Murkowski, Peltola deliver crash course in government to Dillingham students
It’s not every day that two of the biggest names in Alaska politics stop by Dillingham High School. But on Halloween, Murkowski and Peltola spent some time chatting with a room full of students dressed as butterflies, pirates, minions and mimes.
"This is historic for Dillingham High School," Murkowski said. "But I also think that it is noteworthy that never in Alaska's history and never in American history have you had a woman in the House of Representatives representing Alaska and a female senator in the U.S. Senate. So we are kind of doing firsts today.”
She gave Peltola a high five, and the class applauded.
The pair was there to talk with students in the high school government class about their jobs as the students prepared for a mock debate. Murkowski was originally scheduled to be in Dillingham a day earlier, but her trip was postponed because a Coast Guard plane was stuck on the local runway.
Peltola talked to the students about her duties as a representative.
“Even if you’re not for something, you might be in a position where you have to be for something. Not because you personally want to do that, but because you think that’s what’s best for the most people in our state,” she said.
Peltola also stressed that it’s important to find common ground to get things done.
“You aren't going to get 434 people to agree with you if they all hate you," she said, referring to her colleagues in the U.S. House. "So for the people who say, ‘I'm going to go and be a fighter,’ that only gets you so far. You have to go and be a get-along-er to, you know, and make friends. The only way you can get things done is if you have a good relationship with the people that you work with.”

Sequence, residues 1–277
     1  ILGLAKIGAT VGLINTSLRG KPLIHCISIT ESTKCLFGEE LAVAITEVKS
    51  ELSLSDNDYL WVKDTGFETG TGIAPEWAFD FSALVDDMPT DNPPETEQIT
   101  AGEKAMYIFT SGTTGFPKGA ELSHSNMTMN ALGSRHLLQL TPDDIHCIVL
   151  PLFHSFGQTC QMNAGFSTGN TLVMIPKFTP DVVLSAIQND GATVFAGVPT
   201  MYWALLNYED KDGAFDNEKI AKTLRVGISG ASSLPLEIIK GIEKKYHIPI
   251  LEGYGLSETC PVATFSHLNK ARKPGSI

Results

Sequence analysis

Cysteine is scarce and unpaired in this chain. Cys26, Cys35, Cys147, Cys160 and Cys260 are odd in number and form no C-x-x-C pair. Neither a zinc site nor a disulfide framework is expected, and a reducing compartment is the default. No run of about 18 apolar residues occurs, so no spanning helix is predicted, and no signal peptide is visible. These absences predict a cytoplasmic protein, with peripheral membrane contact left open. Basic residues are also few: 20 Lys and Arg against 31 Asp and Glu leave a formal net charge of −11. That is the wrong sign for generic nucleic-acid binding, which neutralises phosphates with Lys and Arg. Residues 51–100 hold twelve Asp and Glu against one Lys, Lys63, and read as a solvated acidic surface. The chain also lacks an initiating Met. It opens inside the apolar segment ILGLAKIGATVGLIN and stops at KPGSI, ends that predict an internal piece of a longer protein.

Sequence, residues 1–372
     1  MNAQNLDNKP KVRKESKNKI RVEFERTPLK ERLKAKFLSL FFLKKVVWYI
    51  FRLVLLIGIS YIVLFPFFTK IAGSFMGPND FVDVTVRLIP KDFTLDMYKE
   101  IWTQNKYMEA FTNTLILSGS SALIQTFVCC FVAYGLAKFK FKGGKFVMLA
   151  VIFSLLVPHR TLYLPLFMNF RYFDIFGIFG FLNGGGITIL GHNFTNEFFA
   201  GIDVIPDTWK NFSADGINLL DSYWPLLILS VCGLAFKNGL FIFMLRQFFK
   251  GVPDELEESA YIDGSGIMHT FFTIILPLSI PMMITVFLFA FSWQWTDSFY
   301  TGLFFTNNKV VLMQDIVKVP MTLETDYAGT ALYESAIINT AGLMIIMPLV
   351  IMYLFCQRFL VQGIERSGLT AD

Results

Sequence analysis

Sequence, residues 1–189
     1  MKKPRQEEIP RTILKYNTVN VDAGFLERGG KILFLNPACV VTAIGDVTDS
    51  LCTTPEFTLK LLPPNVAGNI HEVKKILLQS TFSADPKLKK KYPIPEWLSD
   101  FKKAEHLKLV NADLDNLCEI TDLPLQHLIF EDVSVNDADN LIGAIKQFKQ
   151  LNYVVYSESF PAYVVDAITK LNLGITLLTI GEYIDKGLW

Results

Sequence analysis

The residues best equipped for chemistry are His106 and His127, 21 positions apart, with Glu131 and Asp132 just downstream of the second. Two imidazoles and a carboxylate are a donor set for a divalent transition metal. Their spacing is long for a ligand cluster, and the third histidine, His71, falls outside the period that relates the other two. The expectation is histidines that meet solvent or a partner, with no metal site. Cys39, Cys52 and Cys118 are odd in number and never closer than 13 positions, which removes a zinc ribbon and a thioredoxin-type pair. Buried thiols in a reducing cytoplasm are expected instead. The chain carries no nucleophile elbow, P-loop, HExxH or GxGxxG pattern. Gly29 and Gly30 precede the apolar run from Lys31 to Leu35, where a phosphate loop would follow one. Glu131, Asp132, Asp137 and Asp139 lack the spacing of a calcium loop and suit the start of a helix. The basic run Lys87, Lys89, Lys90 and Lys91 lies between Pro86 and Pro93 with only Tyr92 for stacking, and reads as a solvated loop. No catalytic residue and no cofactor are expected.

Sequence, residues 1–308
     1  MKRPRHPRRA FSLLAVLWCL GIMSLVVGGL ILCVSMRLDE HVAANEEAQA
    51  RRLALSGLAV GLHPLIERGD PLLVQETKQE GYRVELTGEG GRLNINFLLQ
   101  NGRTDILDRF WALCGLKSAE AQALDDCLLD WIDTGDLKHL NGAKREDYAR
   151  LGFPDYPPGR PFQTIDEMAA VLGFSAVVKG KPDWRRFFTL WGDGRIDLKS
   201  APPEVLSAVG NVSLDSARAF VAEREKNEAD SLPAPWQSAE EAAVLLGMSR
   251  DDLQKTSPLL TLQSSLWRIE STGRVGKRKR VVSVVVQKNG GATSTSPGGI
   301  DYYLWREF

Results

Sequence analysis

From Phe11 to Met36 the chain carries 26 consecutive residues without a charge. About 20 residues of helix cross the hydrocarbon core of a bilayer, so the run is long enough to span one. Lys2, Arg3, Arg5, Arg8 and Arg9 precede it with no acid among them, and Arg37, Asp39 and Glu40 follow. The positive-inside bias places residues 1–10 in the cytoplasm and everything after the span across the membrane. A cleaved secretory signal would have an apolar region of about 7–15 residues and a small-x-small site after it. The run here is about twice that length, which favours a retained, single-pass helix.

The class was getting ready for its own debate, where each student would play a different real-life politician. Asked for tips, Murkowski said it’s OK to be nervous.
“It's because you want to try to do well," she said. "So kind of pat yourself on the back, saying, ‘Oh, this is an important one, I want to do well for this debate, I want to win this debate.’”
She told the class a good way to start a debate is by talking about something familiar.
“It's not like you have to be the expert," she said. "But find what you're passionate about, start off by saying, ‘This debate is important, because it's about our fish, our land, our families." And you know. I know that.”
Pelota centers herself by praying before the debate. She said she tries not to memorize long, dense text.
“I try to stay away from heavy written things because then I end up talking to kids like this, and I talked to the audience like this. " she said, mimicking a robot and getting a laugh from the students. "That's horrible to listen to.”
Peltola said when she first started speaking in public she would think about all the people who disagreed with her.
“In that debate that we did last week, I didn't feel like I was doing very well and I said, ‘Okay, come on. Your father in law is watching this make him proud. Come on, say some stuff that makes sense to Gene Peltola, Sr.,’ because I knew he was watching.”
Both Murkowski and Peltola urged the students to get involved in leadership and get into the job market. Peltola said that simply growing up in Bush Alaska gave them a leg up on many of their peers.
“Just because you come from Dillingham, you're an expert in logistics supply chain, you know what it's like to go to the store and not have mosquito dope for sale. You know what it's like to pay high gas prices and high diesel prices, you know about the fish economy and what fish mean to you guys," she said. "So on a meaningful level you are experts on Alaska.”
Both Peltola and Murkowski spoke at a school-wide assembly and met with local leaders before leaving on Monday afternoon.
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